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Astronomers spot an icy world beyond Pluto

The golden ellipse indicates the orbit of the newly confirmed object 2015 RR245. Click on the image for a larger version. (Credit: Alex Parker / OSSOS Team)
The golden ellipse indicates the orbit of the newly confirmed object 2015 RR245. Click on the image for a larger version. (Credit: Alex Parker / OSSOS Team)

Astronomers have found an icy world that ranges far beyond the orbit of Neptune and may well rank as a dwarf planet alongside Pluto.

The newly detected object, designated 2015 RR245, is thought to be less than a third the width of Pluto (435 miles vs. 1,474 miles), but its orbit is more eccentric. Its distance from the sun ranges from about 34 to more than 120 astronomical units, where each AU equals the distance between Earth and the sun. In comparison, Pluto’s orbit has a range of 30 to 50 AU.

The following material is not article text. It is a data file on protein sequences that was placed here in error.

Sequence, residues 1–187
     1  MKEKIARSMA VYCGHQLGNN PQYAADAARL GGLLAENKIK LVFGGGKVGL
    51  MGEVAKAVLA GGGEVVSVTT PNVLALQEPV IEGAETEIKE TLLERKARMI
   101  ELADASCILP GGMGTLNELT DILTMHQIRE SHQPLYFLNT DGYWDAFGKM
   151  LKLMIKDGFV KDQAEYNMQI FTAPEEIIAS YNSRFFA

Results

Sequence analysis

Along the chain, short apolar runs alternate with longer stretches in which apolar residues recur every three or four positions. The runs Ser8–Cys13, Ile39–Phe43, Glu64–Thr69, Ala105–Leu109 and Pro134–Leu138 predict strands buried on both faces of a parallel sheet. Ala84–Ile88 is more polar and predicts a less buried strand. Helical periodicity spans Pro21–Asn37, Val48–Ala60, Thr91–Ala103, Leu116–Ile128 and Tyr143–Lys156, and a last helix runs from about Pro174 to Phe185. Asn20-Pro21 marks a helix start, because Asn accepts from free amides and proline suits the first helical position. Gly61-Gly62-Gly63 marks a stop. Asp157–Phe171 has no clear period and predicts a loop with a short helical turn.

Right now, 2015 RR245 is 80 AU from the sun and closing in, based on observations from the Canada-France-Hawaii Telescope on Hawaii’s big island. It should reach the nearest point in its 733-year orbit in the year 2096.

“The icy worlds beyond Neptune trace how the giant planets formed and then moved out from the sun. They let us piece together the history of our solar system. But almost all of these icy worlds are painfully small and faint: It’s really exciting to find one that’s large and bright enough that we can study it in detail,” Michele Bannister, an astronomer at the University of Victoria in British Columbia, said in a statement.

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By Alan Boyle

Mastermind of Cosmic Log, contributing editor at GeekWire, author of "The Case for Pluto: How a Little Planet Made a Big Difference," president of the Council for the Advancement of Science Writing. Check out "About Alan Boyle" for more fun facts.

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